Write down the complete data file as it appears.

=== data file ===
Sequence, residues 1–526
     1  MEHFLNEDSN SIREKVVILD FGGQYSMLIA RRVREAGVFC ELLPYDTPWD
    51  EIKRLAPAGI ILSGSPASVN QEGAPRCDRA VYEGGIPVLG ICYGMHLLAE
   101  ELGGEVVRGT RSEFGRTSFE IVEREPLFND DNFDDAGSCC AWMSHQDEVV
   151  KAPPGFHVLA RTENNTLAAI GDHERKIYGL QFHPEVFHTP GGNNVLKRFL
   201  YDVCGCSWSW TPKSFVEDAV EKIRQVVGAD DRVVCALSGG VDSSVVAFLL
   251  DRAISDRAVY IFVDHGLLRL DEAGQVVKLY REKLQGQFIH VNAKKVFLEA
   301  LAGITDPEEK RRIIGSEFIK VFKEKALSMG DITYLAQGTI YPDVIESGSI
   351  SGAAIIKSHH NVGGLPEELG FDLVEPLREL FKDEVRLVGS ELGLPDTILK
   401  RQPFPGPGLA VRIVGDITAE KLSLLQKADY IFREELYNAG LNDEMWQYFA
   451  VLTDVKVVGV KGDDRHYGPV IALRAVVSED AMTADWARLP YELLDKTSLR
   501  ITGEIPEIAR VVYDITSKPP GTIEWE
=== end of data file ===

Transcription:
Sequence, residues 1–526
     1  MEHFLNEDSN SIREKVVILD FGGQYSMLIA RRVREAGVFC ELLPYDTPWD
    51  EIKRLAPAGI ILSGSPASVN QEGAPRCDRA VYEGGIPVLG ICYGMHLLAE
   101  ELGGEVVRGT RSEFGRTSFE IVEREPLFND DNFDDAGSCC AWMSHQDEVV
   151  KAPPGFHVLA RTENNTLAAI GDHERKIYGL QFHPEVFHTP GGNNVLKRFL
   201  YDVCGCSWSW TPKSFVEDAV EKIRQVVGAD DRVVCALSGG VDSSVVAFLL
   251  DRAISDRAVY IFVDHGLLRL DEAGQVVKLY REKLQGQFIH VNAKKVFLEA
   301  LAGITDPEEK RRIIGSEFIK VFKEKALSMG DITYLAQGTI YPDVIESGSI
   351  SGAAIIKSHH NVGGLPEELG FDLVEPLREL FKDEVRLVGS ELGLPDTILK
   401  RQPFPGPGLA VRIVGDITAE KLSLLQKADY IFREELYNAG LNDEMWQYFA
   451  VLTDVKVVGV KGDDRHYGPV IALRAVVSED AMTADWARLP YELLDKTSLR
   501  ITGEIPEIAR VVYDITSKPP GTIEWE